> reluctant following, or insolently paraded as infallible or as the
> last word of Truth. With these provisos, the postulates of. Theosophy
> are most decidedly a doctrine, a system of thought, and a body of
> teachings.
> And it is precisely because of the fact that H.P.B.'s writings and
> the writings of her superiors, the Adept-Brothers, have been allowed
> to be set aside for many years in certain portions of the
> Theosophical Movement, and to gather dust on forgotten shelves, to
> the advantage of pseudo-revelations by various psychics, that there
> has grown among some students the totally erroneous idea that
> Theosophy or the Esoteric Philosophy has no specific teachings to
> proclaim, no definite doctrine to promulgate, and that almost
> anything can and should be called Theosophical that is put forward by
> sincere and well-intentioned, but self-deluded individuals, whose
> sincerity can never be the guarantee of direct spiritual knowledge.
> If our writer means by "teachers" individuals who imagine they know
> it all, and who feel themselves vastly superior to those others whom
> they have decided to "teach" from the profundities of their own very
> questionable understanding, we are in complete agreement with him
> that such people injure our Movement, destroy self-confidence in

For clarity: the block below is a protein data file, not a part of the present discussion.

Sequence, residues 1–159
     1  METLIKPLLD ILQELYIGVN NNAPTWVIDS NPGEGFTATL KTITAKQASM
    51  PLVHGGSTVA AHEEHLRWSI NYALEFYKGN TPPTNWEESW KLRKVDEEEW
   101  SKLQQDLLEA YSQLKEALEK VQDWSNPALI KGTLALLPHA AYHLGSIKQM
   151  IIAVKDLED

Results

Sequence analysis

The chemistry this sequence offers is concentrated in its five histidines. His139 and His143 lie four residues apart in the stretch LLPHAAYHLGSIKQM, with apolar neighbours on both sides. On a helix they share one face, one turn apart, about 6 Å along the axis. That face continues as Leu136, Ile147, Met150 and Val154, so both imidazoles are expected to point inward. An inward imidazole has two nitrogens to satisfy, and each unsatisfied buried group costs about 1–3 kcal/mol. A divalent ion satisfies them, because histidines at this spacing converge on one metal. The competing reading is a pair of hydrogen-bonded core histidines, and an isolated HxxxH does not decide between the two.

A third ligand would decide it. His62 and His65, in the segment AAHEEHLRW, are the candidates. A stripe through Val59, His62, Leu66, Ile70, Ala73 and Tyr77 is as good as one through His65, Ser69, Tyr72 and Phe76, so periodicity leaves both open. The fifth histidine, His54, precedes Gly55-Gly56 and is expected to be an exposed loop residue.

> students, and make themselves ridiculous by filling the air with
> empty word-weavings. But if by "teachers" are meant individuals who
> have become through years of deep study proficient in the philosophy
> of the ancient wisdom, have tried to live its precepts the best they
> know how, and who are called upon, by their general karmic stage-
> setting, to help others to acquire a deeper understanding of
> Theosophy than they already have, and to bring out from within their
> own inner Selves the knowledge hidden therein, - then we will have to
> let them be called by that time-honored title, which, in reality,
> designates someone who shows, who imparts knowledge, who makes aware
> of information, who guides, adjusts, and leads on towards a greater
> vista and a wider horizon. Would any sincere Theosophist refuse the
> privilege of becoming in due time a "leader of men," whose word and
> whose life point out to others nobler and ever-receding horizons of
> achievement, and show them the method to be used in their march
> forward towards the Light?
> We see, therefore, that the "teachings" are much more than
> a "statement of what Theosophists of all ages and nations have
> discovered as a result of their own searches and experiences," as our
> writer seems to think. If they were that, and nothing more, they
> would contain some truth and a very large degree of uncertainty and
> error, were they even the result of the understanding of exalted men,
> such as the Adepts themselves. In reality, these "teachings" are a
> formulation of the facts of Nature, irrespective of the opinions or
> the views of any particular man or group of men concerning them, and
> subject only to the limitations imposed upon our ways of expression
> by the paucity of the languages employed. Essentially, as has been
> said by H.P.B. and others, these "teachings" have been handed down
> from one generation of Seers to another, and originated in the far
> distant times of infant Humanity from spiritual Beings whose
> knowledge and wisdom are of an order entirely above those of our
> terrestrial mankind.
> When the student of the Esoteric Philosophy finds it stated that the